Joined: Wed Dec 26, 2012 2:06 am
Location: Michigan

Re: Cedar top break in period

Post by Bill B » Sun Dec 18, 2016 10:50 am

Pat Dodson wrote:
"Self Healed Quartz crystals are crystals that have been damaged and repaired themselves. The different types include – Self Healed Bases, Self Healed Termination faces, and Earthquake Self Healed Crystals."
when a quartz crystal "heals" itself, that doesn't mean scratches and cracks go away. that means the crystal begins growing again. they don't grow in the shape of watch crystals.
2013 Angel Benito Aguado
2005 Ramirez R-2

Pat Dodson
Posts: 2893
Joined: Sun Dec 28, 2014 11:32 am
Location: United Kingdom

Re: Cedar top break in period

Post by Pat Dodson » Sun Dec 18, 2016 12:25 pm

Bill B wrote:
Pat Dodson wrote:
"Self Healed Quartz crystals are crystals that have been damaged and repaired themselves. The different types include – Self Healed Bases, Self Healed Termination faces, and Earthquake Self Healed Crystals."
when a quartz crystal "heals" itself, that doesn't mean scratches and cracks go away. that means the crystal begins growing again. they don't grow in the shape of watch crystals.
Hi Bill

Sorry! It can be difficult to judge people's real meaning online when they use irony so I try to give a clue to my feelings by use of smilies.

You are of course absolutely right. The information on that website is complete and utter new age tosh. But very entertaining new age tosh! :)

Cheers

Bill B
Posts: 1026
Joined: Wed Dec 26, 2012 2:06 am
Location: Michigan

Re: Cedar top break in period

Post by Bill B » Sun Dec 18, 2016 1:32 pm

Pat Dodson wrote:
Sorry! It can be difficult to judge people's real meaning online when they use irony so I try to give a clue to my feelings by use of smilies.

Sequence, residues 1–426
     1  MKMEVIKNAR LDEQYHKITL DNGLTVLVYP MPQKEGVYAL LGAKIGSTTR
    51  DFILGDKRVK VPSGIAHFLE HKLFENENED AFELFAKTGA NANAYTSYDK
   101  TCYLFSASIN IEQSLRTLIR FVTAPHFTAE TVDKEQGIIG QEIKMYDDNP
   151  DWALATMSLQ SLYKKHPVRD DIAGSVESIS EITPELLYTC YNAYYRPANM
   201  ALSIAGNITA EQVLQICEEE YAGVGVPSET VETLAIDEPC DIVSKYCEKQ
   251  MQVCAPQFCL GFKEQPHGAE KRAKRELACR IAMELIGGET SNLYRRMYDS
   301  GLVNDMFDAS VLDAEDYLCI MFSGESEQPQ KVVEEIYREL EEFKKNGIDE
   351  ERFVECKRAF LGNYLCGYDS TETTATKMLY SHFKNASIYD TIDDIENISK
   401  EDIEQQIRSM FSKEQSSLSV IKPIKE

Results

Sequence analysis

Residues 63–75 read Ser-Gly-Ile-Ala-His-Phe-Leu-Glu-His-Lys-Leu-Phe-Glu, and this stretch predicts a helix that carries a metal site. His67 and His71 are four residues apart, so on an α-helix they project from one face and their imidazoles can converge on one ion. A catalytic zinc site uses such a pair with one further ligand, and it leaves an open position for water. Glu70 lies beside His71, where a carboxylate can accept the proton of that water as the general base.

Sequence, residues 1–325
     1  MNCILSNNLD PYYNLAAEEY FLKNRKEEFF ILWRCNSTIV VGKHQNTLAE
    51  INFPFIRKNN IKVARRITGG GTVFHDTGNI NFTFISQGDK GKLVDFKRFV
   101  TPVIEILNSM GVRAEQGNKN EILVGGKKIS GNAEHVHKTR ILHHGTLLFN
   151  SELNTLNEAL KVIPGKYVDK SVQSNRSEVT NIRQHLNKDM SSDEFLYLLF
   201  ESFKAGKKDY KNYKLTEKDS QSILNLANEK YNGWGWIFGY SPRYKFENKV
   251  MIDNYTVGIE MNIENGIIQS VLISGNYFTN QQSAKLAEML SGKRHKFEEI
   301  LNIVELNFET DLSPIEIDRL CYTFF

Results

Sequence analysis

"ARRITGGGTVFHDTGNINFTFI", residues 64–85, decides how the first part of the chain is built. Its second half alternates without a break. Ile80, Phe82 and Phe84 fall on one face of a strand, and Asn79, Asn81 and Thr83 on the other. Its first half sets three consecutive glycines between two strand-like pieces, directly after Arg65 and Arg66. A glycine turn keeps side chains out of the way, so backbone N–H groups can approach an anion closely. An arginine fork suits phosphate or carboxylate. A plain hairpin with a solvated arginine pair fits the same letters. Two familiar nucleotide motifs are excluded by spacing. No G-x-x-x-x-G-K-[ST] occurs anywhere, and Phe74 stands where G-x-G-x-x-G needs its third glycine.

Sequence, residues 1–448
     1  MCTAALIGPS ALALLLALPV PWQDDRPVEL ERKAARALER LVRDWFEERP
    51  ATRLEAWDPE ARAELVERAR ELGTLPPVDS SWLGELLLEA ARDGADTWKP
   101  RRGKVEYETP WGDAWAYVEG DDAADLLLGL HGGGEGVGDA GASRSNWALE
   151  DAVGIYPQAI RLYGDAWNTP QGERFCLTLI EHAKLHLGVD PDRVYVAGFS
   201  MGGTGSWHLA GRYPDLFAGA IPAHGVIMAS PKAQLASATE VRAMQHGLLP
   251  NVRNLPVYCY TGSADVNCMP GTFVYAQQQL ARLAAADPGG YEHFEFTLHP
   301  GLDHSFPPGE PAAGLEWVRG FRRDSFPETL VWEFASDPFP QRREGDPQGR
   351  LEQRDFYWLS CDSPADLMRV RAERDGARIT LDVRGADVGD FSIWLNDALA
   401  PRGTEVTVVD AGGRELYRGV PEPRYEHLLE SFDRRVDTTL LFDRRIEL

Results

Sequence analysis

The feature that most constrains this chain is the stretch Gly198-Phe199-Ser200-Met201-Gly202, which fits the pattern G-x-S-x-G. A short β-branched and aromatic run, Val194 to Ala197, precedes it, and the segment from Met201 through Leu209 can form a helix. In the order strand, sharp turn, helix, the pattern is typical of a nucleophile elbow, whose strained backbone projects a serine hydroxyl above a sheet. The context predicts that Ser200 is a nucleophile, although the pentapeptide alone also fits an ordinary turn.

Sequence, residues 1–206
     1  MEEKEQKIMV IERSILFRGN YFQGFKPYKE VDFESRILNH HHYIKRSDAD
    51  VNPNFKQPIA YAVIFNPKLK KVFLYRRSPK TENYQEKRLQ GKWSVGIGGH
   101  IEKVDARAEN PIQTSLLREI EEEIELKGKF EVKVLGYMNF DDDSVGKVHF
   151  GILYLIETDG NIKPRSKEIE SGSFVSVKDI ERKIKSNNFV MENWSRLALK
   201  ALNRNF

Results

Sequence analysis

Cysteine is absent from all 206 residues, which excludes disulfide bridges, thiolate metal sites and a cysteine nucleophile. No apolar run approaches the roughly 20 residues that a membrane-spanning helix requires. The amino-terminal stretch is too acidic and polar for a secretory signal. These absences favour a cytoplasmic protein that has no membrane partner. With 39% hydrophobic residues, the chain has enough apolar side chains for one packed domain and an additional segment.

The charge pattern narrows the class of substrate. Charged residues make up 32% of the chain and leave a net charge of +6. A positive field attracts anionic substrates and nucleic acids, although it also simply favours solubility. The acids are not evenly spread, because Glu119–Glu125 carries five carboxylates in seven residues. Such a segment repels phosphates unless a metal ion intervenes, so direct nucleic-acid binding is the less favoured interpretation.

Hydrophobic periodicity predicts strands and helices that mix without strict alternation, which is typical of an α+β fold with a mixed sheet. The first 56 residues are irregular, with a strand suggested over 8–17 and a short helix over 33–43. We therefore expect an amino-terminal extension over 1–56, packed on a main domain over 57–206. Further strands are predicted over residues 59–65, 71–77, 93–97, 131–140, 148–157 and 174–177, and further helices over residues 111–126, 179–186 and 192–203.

i believe Mr. Carruth was in earnest about his watch crystal.
2013 Angel Benito Aguado
2005 Ramirez R-2

Alan Carruth
Luthier
Posts: 2587
Joined: Mon Dec 24, 2007 6:56 pm

Re: Cedar top break in period

Post by Alan Carruth » Mon Dec 19, 2016 5:34 pm

I mean that the watch crystal developed a small, closed crack that gradually healed itself. It's not some new age mystical stuff. Glass is basically a liquid; similar in composition to quartz, but solidified out of a melt too quickly to form a crystal structure. It's a very viscous liquid, to be sure, but it's like any other liquid in that it can flow over time. This was a 'waterproof' watch; there was a gasket around the crystal that kept it under pressure. At some point I knocked it against something and made a small crack that went part way across the crystal. The pressure from the gasket kept it from opening up.

That was important. Glass reacts readily on a surface with water from the air, which weakens it. In a normal crack water molecules work their way in and react with the glass. Since a crack tends to have a high stress concentration at the tip the reaction that weakens it there allows the crack to propagate more quickly. It may also be that the chemical reaction goes faster when thhere is stress on the glass. This is why it can be an advantage to wet a glass surface when you're cutting it; it helps the glass to break along the score line. One article I read on this said that microscopic cracks in something like a window can lengthen at a rate of a few molecules per day to begin with, but since the stress at the end of the crack is proportional to the length of it, the rate acellerates. At some point a critical value is reached, and the window will suddenly break for no immediately apparent reason. This is particularly dramatic when it happens in a piece of tempered glass, such as a car window, which will go from seeming sound to suddenly exploding into a mass of tiny shards.